Monday, June 1, 2009

The Pineapple and the Blitz

Memoirs are often more interesting than accounts written by historians. I've been reading Bryher's "Days of Mars," a memoir of her years in London during the Blitz, when she shared a flat at 49 Lowndes Square with the American poet, H.D. (Hilda Doolittle).  (The rent was two hundred and fifty pounds a year.)  The chapter, "1944," begins with a story: 

"Norman Pearson returned towards the end of January, after an absence in Spain and Portugal, bearing two bananas, two oranges and a pineapple.  The bananas and oranges were simple, Hilda and I had one each.  Apart from a few green apples and some berries in Cornwall, it was the first fruit that we had tasted for two years.  It seemed so unreal that we hardly liked to touch it.  The pineapple was different.  Even Hilda, the recluse, agreed that we could not eat it alone and that, wartime or not, it called for a party." 

"By the time that I had telephoned, written notes or gone round in person with the invitations, we managed to collect about twenty people and how we all got into our little sitting room at Lowndes remains a mystery.  First we looked respectfully at the pineapple, then with infinite solemnity it was sliced into tiny mouthfuls."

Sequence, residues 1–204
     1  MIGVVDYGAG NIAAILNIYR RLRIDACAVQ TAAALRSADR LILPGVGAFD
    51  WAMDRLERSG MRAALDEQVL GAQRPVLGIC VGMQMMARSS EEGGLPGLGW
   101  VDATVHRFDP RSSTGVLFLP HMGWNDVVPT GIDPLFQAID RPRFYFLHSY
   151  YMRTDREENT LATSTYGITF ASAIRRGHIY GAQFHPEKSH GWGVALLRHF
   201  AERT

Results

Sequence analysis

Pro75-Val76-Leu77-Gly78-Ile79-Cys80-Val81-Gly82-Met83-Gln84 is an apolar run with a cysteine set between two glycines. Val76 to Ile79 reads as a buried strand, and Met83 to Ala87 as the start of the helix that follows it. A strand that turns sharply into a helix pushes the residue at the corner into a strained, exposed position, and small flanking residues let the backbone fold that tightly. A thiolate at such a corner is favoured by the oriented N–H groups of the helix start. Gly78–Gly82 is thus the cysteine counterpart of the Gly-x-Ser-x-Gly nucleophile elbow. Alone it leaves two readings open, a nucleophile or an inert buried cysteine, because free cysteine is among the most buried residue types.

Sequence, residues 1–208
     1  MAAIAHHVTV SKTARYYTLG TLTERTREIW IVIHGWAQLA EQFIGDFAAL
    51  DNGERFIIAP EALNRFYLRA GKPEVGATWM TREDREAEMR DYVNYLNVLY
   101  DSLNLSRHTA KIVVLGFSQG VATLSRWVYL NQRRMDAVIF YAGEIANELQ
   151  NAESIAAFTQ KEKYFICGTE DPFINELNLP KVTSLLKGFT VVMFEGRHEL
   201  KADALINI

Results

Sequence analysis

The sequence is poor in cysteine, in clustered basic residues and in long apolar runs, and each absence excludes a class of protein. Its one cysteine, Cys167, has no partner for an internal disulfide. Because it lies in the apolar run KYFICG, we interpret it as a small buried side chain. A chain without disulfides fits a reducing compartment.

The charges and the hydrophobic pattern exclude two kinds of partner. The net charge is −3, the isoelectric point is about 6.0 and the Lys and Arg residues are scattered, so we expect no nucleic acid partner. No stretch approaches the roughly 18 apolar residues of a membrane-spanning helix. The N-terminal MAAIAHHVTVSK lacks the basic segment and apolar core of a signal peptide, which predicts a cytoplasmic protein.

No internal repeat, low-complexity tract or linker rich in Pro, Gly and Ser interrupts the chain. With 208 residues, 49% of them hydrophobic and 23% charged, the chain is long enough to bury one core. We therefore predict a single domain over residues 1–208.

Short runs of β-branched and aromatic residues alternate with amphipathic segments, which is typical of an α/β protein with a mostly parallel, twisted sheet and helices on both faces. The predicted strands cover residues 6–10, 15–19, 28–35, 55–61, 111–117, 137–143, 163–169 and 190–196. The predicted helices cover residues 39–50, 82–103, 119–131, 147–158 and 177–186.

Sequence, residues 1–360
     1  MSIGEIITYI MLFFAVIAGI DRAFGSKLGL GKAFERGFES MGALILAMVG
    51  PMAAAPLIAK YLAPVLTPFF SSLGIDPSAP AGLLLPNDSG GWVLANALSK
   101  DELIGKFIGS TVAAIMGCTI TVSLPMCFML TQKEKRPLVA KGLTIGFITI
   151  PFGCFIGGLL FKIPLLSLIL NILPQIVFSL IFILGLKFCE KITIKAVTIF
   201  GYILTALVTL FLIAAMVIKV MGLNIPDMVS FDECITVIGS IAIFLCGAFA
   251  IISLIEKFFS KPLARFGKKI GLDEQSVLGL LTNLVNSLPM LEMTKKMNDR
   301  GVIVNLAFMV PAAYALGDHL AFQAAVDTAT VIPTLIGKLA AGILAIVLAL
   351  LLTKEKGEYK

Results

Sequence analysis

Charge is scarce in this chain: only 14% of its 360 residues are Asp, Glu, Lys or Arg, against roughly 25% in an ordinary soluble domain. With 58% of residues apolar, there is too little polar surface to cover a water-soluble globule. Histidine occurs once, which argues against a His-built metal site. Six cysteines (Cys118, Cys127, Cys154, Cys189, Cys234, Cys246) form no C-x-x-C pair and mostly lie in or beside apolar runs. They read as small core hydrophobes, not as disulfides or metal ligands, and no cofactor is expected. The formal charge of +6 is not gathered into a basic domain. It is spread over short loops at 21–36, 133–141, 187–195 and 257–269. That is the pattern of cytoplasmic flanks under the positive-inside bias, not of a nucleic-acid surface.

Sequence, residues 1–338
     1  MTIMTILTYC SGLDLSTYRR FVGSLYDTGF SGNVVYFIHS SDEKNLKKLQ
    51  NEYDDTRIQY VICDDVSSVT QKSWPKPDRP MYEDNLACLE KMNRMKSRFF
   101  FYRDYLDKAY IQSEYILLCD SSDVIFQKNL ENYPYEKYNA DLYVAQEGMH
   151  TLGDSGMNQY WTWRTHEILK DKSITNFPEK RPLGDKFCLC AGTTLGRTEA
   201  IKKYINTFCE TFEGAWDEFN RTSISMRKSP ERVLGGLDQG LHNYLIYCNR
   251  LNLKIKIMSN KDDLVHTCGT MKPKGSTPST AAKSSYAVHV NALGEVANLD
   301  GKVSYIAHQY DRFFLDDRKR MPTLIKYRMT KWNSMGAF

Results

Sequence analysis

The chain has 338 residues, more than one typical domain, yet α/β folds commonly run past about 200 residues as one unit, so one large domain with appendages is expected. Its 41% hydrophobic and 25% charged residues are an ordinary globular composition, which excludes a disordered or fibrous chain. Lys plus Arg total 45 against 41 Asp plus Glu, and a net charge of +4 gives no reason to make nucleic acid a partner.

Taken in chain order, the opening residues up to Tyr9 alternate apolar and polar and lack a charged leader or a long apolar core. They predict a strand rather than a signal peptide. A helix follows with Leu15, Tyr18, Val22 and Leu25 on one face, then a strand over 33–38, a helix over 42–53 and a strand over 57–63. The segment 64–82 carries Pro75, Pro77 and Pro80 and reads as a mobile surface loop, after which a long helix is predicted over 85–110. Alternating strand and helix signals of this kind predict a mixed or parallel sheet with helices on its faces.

Bryher writes; "It was the Puritan element, a matter of conscience and principle, that had now kept Hilda in London.  'It was here that people first read my poetry,' she said.  'I am staying with them.'"

Here is a poem by HD:

 Sea Poppies

Amber husk 
fluted with gold, 
fruit on the sand 
marked with a rich grain, 

spilled near the shrub-pines 
to bleach on the boulders: 

your stalk has caught root 
among wet pebbles 
and drift flung by the sea 
and grated shells 
and split conch-shells. 

Beautiful, wide-spread, 
fire upon leaf, 
what meadow yields 
so fragrant a leaf 
as your bright leaf? 


  1. There is a pineapple carved in the woodwork above the doorway of my home. And, my uncle told me that the pineapple is featured in the coat of arms supposedly associated with our family. Why? It signals hospitality as it clearly did in Miriam's post.

  2. I love the twenty people and the tiny mouthfuls. Such a good selection to post..

  3. Thanks, Melissa and Bluedog. I'm not sure I would have shared the pineapple. Elsewhere in her memoir, Bryher writes about how dear her friends were to her during that time; they all pulled together. The least she could give each one was a tiny piece of the precious pineapple.

  4. P.S. Lest Miriam's readers think I am "descended from kings", I should add that when my grandmother left Ireland she left a hovel with a dirt floor. On reading my earlier comment, I smiled at how that family mythology got concocted.